This seasonal fluctuation is seen in the annual membership cycle of the union where a variation of 20,000 – 25,000 members over each 12 month period is regarded as normal.

A third cause of casualisation in retail stores is the desire of management for “flexibility”, even if it is never used. The claim of retailers for flexibility, even if it is not utilised, has led to a large degree of excessive casualisation in the industry. Retailers have the ability to adjust their workforce through the use of these casuals – even though many casuals work regular hours like a part-timer most of the time. The casuals are therefore like a safety valve and provide comfort for the retailer in the event of a drastic impact on employment. The casuals bear the burden of an uncertain working life with minimal entitlements while the retailer has a workforce with great potential flexibility which is rarely, if ever, utilised. The cost to the retailer is greater turnover as casuals change jobs readily in order to find more hours of work and greater job security.

The extent of casualisation

The extent of casualisation in the retail industry is best shown by taking some specific examples.

One large Australian retailer, in a recent official return of information on its employment levels, said that its store employees comprised 20% full-timers, 33% part-timers and 47% casuals.

A second retailer operating department stores said its store employment comprised 10% full-timers, 46% part-timers and 44% casuals.

These statistics, involving a level of casual employment reaching almost 50% of total employees in retail stores, are regarded as quite normal in the retail industry.

Efforts at greater permanency

Ever since the influx of large numbers of casuals caused by the introduction of late night shopping more than 30 years ago, the SDA has made serious efforts to try to reduce the level of casualisation.

In recent years, these efforts may be categorised in three different types of initiatives:

1. The conversion of casuals to part-time employees.

Ever since the union commenced the negotiation of enterprise agreements with individual retailers starting in 1994, efforts have been made to get agreement from the companies to convert regular casual employees to part-timers as part of these agreements.

These efforts have had a significant impact. However, their effectiveness has been limited by two considerations:

(a) the casual who is invited to convert to part-time employment must work a regular pattern of hours. Obviously a casual whose working hours are truly variable, not only in the times when work is performed, but in terms of the number of hours that may be worked per week, is not able to become a part-time permanent employee under the normal definitions of this term.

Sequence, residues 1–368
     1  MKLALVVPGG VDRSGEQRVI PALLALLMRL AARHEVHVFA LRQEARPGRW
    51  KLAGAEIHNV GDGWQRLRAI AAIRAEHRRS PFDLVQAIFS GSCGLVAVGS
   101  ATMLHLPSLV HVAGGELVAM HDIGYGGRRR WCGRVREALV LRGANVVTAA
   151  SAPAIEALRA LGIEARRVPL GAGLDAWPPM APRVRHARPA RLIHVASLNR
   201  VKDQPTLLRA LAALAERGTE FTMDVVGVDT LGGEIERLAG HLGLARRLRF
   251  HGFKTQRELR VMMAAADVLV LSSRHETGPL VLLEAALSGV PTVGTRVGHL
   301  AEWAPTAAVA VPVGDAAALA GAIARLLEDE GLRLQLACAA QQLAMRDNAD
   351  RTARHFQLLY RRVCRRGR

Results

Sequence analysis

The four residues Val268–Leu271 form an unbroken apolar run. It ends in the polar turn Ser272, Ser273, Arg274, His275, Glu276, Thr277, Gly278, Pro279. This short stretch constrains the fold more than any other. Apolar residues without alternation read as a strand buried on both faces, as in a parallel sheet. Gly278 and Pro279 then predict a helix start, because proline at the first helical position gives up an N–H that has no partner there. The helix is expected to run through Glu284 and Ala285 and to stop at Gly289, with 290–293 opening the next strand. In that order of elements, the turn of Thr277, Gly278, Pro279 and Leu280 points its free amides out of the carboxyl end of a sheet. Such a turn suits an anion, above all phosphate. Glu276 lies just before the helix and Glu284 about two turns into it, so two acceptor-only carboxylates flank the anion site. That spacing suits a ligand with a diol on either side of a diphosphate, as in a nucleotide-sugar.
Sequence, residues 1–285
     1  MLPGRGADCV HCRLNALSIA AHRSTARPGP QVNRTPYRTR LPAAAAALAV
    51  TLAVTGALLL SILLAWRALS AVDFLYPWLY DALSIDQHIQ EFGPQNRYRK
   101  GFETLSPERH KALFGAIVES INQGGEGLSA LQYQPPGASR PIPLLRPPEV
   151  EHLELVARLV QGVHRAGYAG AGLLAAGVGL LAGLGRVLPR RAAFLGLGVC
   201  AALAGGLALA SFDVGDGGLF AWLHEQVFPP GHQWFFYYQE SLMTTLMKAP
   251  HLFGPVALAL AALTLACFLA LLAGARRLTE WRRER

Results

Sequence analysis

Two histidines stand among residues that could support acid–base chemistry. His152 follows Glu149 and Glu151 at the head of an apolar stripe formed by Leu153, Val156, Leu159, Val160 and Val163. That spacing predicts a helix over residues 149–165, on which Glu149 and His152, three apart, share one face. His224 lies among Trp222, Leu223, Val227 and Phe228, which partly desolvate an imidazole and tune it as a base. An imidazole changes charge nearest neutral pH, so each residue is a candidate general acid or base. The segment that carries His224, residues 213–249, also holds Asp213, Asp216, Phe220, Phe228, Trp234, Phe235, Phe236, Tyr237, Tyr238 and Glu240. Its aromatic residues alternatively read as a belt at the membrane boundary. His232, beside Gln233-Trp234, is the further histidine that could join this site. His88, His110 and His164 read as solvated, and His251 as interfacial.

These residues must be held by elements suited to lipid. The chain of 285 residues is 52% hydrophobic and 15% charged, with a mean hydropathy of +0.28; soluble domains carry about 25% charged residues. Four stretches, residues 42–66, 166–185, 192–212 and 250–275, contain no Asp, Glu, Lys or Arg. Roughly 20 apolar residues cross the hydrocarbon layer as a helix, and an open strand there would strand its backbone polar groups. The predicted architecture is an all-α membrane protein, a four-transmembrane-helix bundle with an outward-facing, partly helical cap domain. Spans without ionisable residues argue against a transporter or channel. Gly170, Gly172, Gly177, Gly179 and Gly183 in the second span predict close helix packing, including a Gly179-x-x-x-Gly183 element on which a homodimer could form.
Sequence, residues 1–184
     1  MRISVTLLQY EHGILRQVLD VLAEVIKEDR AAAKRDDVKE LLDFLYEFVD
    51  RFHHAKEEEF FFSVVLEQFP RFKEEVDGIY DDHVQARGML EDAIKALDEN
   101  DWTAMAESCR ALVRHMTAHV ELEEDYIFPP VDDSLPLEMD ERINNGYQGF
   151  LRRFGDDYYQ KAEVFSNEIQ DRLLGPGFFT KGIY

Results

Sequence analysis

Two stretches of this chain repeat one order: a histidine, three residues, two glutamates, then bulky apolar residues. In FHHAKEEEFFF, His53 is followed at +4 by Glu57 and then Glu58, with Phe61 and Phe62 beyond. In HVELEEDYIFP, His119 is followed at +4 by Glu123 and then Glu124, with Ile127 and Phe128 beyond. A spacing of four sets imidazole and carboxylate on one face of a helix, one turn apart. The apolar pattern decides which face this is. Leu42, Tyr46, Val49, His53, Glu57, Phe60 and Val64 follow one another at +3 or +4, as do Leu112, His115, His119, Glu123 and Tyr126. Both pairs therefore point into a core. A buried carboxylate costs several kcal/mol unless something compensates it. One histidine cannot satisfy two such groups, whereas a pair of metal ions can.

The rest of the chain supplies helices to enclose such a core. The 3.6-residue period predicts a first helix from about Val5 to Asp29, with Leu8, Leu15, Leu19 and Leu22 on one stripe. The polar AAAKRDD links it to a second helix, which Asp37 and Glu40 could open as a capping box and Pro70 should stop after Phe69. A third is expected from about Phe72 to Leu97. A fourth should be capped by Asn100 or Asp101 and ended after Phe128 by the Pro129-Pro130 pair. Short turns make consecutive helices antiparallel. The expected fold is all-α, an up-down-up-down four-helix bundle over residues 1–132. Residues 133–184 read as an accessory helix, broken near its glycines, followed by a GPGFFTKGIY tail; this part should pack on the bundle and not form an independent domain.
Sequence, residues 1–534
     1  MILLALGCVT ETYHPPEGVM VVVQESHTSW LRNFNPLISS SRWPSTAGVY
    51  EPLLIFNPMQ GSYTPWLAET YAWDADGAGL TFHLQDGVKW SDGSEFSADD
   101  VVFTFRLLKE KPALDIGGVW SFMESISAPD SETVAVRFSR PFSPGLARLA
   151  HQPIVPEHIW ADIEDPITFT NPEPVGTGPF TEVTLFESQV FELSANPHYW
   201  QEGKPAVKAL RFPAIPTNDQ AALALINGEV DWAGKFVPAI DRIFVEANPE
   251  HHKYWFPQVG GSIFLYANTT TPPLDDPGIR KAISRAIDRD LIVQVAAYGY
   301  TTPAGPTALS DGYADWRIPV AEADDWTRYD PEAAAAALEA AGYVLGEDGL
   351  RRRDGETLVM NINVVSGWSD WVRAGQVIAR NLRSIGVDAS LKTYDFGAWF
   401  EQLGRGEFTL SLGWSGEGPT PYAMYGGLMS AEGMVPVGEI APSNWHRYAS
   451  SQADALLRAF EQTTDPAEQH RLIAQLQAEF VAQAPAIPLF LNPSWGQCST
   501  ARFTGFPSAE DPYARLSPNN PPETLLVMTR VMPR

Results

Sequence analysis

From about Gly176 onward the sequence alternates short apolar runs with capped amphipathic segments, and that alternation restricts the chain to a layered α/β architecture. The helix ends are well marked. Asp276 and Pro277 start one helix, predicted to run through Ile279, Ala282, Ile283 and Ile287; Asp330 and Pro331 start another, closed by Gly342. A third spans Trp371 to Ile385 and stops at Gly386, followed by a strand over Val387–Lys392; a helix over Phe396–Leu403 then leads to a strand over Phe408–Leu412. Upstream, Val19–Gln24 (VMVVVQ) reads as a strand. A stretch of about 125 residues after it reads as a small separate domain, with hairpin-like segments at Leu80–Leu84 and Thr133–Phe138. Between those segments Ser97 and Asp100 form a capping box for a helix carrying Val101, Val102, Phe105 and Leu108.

(b) in order for a casual to be converted to part-time, the casual must also be working on a regular basis at least as many hours as the enterprise agreement provides to be the minimum part-time hours per week. If, for example, an agreement provides that the part-time minimum hours are 10 hours per week, and a regular casual is only working 8 hours per week, the casual cannot be converted to part-time employment.

Despite these two restrictions, significant numbers of casual employees have been converted to part-time employment in most of the major companies, particularly in the major supermarkets and discount department store chains. However, these efforts require constant policing to ensure that store management does not regress to higher casual levels over time.

2. Greater permanency in Coles supermarkets

In the late 1990’s, Coles supermarkets decided to embark upon a radical change in the level of permanent employment in its stores, strongly encouraged by the union.

The company started an experiment in a single store where it engaged a large number of full-timers and filled the remaining positions mostly with part-time employees working a greater number of hours per week than was typical in the average supermarket. The remaining employment, well below 10% of the total, was filled by casuals.